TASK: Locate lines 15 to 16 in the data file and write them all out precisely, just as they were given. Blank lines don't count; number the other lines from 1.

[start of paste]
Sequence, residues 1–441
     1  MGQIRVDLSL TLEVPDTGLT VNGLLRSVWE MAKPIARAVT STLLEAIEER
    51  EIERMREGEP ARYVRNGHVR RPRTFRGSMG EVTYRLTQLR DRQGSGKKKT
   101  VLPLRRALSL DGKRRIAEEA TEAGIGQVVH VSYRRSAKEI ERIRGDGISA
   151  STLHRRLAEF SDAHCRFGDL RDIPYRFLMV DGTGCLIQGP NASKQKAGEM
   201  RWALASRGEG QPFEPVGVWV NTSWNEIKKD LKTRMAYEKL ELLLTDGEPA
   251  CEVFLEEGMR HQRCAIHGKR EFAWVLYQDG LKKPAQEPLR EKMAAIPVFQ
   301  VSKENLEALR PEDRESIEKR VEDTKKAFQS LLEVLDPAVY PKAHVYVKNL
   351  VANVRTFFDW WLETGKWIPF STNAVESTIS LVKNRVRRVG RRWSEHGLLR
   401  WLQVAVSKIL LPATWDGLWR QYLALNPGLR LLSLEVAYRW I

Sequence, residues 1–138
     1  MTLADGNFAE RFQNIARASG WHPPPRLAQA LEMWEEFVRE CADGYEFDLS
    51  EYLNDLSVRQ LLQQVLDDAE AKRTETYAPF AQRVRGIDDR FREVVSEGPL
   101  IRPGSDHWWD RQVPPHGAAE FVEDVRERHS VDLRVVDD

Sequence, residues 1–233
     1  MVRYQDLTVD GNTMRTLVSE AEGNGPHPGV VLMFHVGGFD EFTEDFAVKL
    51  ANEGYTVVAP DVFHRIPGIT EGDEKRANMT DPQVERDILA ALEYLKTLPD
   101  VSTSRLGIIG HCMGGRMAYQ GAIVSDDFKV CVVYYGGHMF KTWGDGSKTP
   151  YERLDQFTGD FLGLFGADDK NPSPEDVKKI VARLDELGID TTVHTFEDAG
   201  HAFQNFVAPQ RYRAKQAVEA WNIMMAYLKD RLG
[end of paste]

Sequence, residues 1–233
     1  MVRYQDLTVD GNTMRTLVSE AEGNGPHPGV VLMFHVGGFD EFTEDFAVKL